The Boston Tea Party

Word that a cargo of East India Company Tea was headed to Boston reached the city in August 1773. Newspapers such as Boston Post Boy and Boston Evening Post were soon reporting the delivery as part of an underhanded scheme by Lord North to "both designed to raise a revenue, and to establish parliamentary despotism in America." On October 21, the Massachusetts Committee of Correspondence put the new system into action when it called on the other colonies to "be united" against the East India Company's attempt to unload British tyranny on American wharves. On November 5, 1773, the Boston Town Meeting met at Faneuil Hall and resolved that anyone involved in any attempt to unload the tea should be considered "an enemy to America."

The first of the tea ships, the Dartmouth, arrived in Boston on November 28 with 114 chests. The Eleanor and the Beaver arrived over the next two weeks. Massachusetts Bay's governor, Thomas Hutchinson, himself a native Bostonian, firmly believed that the landing the tea was not only a necessary example of Parliament's constitutional authority, it was also a personal matter because the tea had been consigned by the company to two of his sons for sale in Boston. It soon became clear that Boston's radicals would not allow the tea off the company's ships. Hutchinson therefore intended to invoke a law authorizing him to forcibly unload the cargo of any ship in the harbor that failed to pay the import taxes within three weeks. At the same time he would not clear the three ships to return to England. On the evening of December 16, when Samuel Adams learned of Hutchinson's final refusal to allows the ships to leave with the tea, he turned to a large crowd that had gathered at the Old South Meeting House and declared their meeting "can do nothing more to save the country." Right away, a group of men disguised as Mohawk warriors assembled outside and proceeded to Boston Harbor, where they boarded each of the ships and consigned the 342 casks of tea they carried, worth £10,000, to the water.

When news of the destruction of the tea reached Britain, the actions of the Boston radicals were almost universally condemned. Even America's friends in London could not condone the intemperate ruin of private property, especially in response to a law that had made tea more affordable for colonials. Some British Americans, such as George Washington and Benjamin Franklin, also thought that the Bostonians had gone too far. In no other colonial city had radicals acted with such harmful consequences. Their actions unintentionally accomplished what successive British ministries had attempted to do for more than a decade: isolate the Boston radicals as out of step with their fellow colonies and push them out of the driving seat of resistance to British authority.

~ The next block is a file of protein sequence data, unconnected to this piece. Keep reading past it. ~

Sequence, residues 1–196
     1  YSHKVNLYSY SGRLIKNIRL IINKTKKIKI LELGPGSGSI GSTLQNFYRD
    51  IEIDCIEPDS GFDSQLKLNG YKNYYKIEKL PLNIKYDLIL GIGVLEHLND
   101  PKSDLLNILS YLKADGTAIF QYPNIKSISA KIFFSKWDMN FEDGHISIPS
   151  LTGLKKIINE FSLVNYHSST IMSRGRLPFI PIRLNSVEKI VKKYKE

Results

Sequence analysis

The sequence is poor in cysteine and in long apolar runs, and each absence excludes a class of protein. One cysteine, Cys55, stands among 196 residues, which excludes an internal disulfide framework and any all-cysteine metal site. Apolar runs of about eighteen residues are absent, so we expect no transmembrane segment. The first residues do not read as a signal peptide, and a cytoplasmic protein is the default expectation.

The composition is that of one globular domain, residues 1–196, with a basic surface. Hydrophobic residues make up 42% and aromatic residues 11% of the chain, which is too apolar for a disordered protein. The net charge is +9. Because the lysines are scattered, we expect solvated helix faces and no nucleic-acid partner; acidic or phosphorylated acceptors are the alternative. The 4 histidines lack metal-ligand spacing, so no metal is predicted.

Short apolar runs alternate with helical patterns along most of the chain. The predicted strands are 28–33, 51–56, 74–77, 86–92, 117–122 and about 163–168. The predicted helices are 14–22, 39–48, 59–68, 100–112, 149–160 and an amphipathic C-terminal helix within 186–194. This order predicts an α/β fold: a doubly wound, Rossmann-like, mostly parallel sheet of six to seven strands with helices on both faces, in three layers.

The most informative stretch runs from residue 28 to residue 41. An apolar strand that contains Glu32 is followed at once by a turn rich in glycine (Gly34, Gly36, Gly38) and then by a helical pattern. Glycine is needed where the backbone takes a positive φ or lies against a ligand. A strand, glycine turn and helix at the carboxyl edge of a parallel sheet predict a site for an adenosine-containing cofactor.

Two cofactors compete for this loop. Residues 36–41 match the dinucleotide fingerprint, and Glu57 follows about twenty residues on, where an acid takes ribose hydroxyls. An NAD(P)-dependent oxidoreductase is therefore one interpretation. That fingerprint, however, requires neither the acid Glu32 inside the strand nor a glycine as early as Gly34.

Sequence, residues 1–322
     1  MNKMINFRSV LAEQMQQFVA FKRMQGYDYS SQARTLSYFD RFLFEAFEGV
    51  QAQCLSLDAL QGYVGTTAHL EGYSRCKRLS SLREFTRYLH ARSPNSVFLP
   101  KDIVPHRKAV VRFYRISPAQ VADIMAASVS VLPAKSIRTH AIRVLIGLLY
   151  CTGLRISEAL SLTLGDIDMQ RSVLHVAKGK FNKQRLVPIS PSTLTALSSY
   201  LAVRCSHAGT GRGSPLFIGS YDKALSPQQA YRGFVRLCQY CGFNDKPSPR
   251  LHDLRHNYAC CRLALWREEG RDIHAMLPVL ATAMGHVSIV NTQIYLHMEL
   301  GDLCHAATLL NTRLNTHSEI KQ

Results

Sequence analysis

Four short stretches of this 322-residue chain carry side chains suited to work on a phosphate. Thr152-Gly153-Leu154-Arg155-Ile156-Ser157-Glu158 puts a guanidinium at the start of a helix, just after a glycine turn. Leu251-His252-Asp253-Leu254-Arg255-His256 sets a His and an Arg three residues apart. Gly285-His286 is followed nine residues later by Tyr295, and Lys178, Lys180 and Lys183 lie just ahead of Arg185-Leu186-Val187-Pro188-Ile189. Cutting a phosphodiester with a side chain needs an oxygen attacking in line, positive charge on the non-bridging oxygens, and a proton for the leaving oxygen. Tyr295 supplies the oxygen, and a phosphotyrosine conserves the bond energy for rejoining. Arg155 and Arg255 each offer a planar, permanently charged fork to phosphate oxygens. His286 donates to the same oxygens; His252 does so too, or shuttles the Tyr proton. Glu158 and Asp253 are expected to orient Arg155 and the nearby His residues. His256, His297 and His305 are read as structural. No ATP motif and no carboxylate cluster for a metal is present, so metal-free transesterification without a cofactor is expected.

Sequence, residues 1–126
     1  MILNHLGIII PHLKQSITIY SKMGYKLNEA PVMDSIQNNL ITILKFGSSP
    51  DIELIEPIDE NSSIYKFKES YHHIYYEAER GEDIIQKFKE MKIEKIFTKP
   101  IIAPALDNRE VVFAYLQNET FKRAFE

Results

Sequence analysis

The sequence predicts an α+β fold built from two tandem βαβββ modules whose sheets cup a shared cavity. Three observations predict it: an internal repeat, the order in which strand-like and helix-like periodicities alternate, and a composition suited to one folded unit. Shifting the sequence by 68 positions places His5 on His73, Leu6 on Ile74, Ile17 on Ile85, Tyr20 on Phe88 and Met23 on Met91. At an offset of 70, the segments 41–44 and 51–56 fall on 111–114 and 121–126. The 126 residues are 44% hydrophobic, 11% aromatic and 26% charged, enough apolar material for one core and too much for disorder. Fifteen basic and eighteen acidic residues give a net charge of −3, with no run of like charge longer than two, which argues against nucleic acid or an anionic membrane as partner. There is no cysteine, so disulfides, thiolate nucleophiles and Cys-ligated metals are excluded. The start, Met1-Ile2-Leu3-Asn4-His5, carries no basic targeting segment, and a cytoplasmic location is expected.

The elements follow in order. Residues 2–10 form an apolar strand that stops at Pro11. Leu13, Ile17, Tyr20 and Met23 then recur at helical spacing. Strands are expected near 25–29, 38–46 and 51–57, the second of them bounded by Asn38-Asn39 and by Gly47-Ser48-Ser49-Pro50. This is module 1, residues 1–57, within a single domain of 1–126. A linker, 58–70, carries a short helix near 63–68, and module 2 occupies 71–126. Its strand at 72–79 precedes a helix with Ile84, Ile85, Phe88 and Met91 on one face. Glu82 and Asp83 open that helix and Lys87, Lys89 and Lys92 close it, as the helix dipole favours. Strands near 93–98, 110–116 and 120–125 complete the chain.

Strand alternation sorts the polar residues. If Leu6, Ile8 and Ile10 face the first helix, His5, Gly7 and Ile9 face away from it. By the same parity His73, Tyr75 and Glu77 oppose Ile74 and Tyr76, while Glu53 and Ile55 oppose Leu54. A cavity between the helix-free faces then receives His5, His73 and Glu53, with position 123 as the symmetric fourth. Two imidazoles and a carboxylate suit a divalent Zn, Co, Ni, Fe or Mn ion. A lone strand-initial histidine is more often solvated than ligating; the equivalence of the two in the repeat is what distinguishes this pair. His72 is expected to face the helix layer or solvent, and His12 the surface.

Imperial policy makers, however, dramatically reversed Boston's isolation through a political mistake of epic proportions, although it could hardly be called a miscalculation. Lord North first intended only to address the criminal destruction of the tea, understanding full well that if the matter came under Parliament's consideration that its members would focus instead on settling the issue of constitutional sovereignty that Boston's radicals used to justify their recklessness, namely that Parliament had no authority to tax them. Unfortunately for Lord North, both the British attorney general and solicitor general reported that there was too little evidence to prosecute individuals for destroying the tea and the Crown's executive authority — as exercised by the ministers — did not extend to closing the Boston port or enacting any other punitive measure. If anything was to be done to teach Bostonians a lesson, it would have to be done by Parliament.

The result was the Coercive Acts of 1774—and the War for Independence.

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